Terri and Omar both had dishes that I was more familiar with, although I had no idea how they were made and it’ll be hard to ever order Kibbeh again now that there’s guilt over knowing there’s 40 minutes’ worth of kneading gone into them

Gregg called them “Turkish Scotch Eggs” and if Elon needs a crash test dummy for his next exploding rocket, I might have a suggestion. SIR, not everything needs to be like something else! [The call is coming from inside the house.]

Luckily Terri was able to cope with the kneading marathon because she plays rugby and has the biceps and hooker stance (not like that) to prove it

my noodle arms ached just watching her do it, but it was worth it because the Kibbeh were well received


I am *this* close to starting a petition to have John and Gregg replaced with these two Turkish women, they’re the perfect Good Cop, Bad Cop duality.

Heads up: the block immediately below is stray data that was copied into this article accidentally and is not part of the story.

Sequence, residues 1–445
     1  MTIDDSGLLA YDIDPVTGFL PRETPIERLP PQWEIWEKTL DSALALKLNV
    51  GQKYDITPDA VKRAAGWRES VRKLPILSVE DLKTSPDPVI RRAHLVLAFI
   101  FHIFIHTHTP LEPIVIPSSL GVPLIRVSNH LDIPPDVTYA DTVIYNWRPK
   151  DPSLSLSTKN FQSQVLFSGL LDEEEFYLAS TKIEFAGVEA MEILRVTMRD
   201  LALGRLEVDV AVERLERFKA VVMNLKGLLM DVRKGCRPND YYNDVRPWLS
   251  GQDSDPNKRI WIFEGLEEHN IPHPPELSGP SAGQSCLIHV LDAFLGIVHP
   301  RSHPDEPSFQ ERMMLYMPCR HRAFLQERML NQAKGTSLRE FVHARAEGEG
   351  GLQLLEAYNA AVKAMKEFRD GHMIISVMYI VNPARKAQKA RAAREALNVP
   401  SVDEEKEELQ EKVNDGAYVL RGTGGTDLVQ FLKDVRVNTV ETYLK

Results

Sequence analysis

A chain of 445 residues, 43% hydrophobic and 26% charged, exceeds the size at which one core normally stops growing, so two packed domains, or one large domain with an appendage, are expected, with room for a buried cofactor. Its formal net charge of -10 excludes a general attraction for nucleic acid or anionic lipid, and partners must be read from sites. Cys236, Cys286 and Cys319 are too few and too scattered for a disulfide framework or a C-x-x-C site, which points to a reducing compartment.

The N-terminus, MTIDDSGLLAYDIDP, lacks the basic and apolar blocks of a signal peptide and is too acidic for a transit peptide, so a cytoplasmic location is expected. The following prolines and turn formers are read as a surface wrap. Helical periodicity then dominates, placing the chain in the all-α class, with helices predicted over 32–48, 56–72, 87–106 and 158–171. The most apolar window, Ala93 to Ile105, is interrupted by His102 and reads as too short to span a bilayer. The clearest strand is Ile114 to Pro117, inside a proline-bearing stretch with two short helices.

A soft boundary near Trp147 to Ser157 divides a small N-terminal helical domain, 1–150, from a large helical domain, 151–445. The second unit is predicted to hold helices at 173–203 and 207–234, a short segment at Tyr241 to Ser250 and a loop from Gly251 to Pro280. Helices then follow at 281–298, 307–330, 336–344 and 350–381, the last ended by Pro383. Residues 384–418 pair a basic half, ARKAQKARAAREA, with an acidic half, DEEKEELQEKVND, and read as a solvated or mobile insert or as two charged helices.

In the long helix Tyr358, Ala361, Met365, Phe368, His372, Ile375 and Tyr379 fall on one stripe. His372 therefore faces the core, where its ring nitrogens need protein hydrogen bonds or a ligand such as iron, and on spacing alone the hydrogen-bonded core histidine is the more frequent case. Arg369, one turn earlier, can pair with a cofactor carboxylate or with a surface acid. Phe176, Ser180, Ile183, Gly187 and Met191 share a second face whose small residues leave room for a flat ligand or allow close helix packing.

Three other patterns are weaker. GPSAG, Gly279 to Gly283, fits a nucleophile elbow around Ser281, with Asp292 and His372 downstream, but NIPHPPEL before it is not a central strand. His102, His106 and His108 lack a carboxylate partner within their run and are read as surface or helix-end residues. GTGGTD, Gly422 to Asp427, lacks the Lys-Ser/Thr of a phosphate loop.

Terri’s Kibbeh were quite a demanding recipe so Omar did step in to help her and well, this was as much a lesson in Turkish cuisine as it was a lesson in tempting fate

and thus the greatest Turkish War since One That’s Long Enough Ago For Me To Make A Joke About It (so… The Ottoman Interregnum of 1402?) began as Omar took on Turkish cuisine, and he was armed

it was just a pity that the one that went wrong was the one that required him to spend an inordinate amount of time finely dicing chunks of beef with his big sword, but his chicken ones were a success

Gregg did not liken it to Turkish Nando’s. Although I know it’s on the cutting room floor somewhere.


Having (narrowly) avoided being fed to the dogs of Kuzguncuk, the contestants were upgrading to Istanbul’s first and only double Michelin Star restaurant, Turk, helmed by Omar’s latest Fine Dining Nemesis, Fatih Tutak